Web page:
BIS has launched a consultation on whether the UK’s insolvency regime needs updating following a flurry of recent corporate failures and “an increasing European focus on providing businesses with the tools to facilitate company rescue”.
The consultation explores four broad areas for reform. Core to this is introducing a moratorium for distressed businesses to benefit from protection against legal action while considering their options for rescue.
The government department is also seeking to widen the definition of essential supplies, with appropriate safeguards for suppliers; develop a new restructuring plan to increase the options available to rescue businesses and increase the availability of rescue finance.
The proposed moratorium would last for three months, with the possibility of an extension, if needed. During the moratorium creditors would have a general ‘right’ to request information from the insolvency practitioner.
Its also considering extending this to all insolvency procedures to improve transparency and provide an additional safeguard for creditors.
Business secretary, Sajid Javid, said: “The UK’s corporate insolvency regime isalready highly regarded. But with the business world becoming ever-more fast-paced and complex, it is time ask ourselves whether –and how –the system can be improved.
“To remain at the forefront of insolvency best practice we also need to ask what a ‘good’ regime looks like in 2016. An increasing international focus on company rescue has helped to shift the perceptions of what constitutes best practice; the UK needs to reflect this if our businesses, investors and creditors are to remain confident that the best outcomes can be achieved when things go wrong.
It’s also looking to help businesses continue trading through the restructuring process, to make it easier for companies to maintain contracts essential for the continuation of the business.
This should help prevent micro, small and medium enterprises (MSMEs), being held ‘hostage’ by key suppliers seeking to profit from a company’s distress, harming the prospects of a fair and successful rescue solution to benefit all creditors.
The third proposal seeks to develop a flexible restructuring plan, to enable a rescue plan to bind secured and unsecured creditors and introduce a ‘cram-down’ mechanism.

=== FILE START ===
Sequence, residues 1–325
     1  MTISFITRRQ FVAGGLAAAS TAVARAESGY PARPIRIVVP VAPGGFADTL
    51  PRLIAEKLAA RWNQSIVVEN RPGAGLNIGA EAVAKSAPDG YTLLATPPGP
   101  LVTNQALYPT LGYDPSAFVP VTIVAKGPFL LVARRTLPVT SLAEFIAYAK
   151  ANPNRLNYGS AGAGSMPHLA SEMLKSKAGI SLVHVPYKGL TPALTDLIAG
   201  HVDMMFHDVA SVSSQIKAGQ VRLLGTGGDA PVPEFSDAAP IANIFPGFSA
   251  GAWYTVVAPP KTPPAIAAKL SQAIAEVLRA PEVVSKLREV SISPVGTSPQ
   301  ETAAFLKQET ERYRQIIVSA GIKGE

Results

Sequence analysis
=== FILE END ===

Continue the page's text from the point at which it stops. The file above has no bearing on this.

Currently, dissenting creditors may, depending on the procedure, have the ability to block a restructuring proposal.
Under a CVA, says BIS, secured creditors can voluntarily join in a restructuring plan, but in practice many never do. The company then has to negotiate separate deals with secured creditors and this may undermine achieving an optimal rescue solution and delay the process, increasing the costs of a rescue and putting the company at greater risk of failure.
The fourth proposal concerns exploring options for rescue financing.
Andrew Tate, president of R3, the insolvency trade body, backed the moratorium move, saying: “R3 welcomes the government’s proposal to introduce a moratorium for struggling businesses to give them breathing space from creditor pressure. A moratorium could give company directors more time to turn a business around and negotiate with their creditors.”
“It’s very important that any moratorium is practical. It should be short, to make it easier to fund and to limit the burden on creditors, and there should be a licensed insolvency practitioner in place to look after creditors’ interests. The government must also avoid repeating the mistakes of existing moratorium options and ensure the oversight role is proportionate.”
R3’s own recommendation is for a 21-day moratorium, extendable to 42 days with court approval and insolvency practitioner oversight.
The body believes a longer moratorium increases the risk of harm to creditors potentially allowing companies in the moratorium to ‘drift’ rather than resolve their problems.
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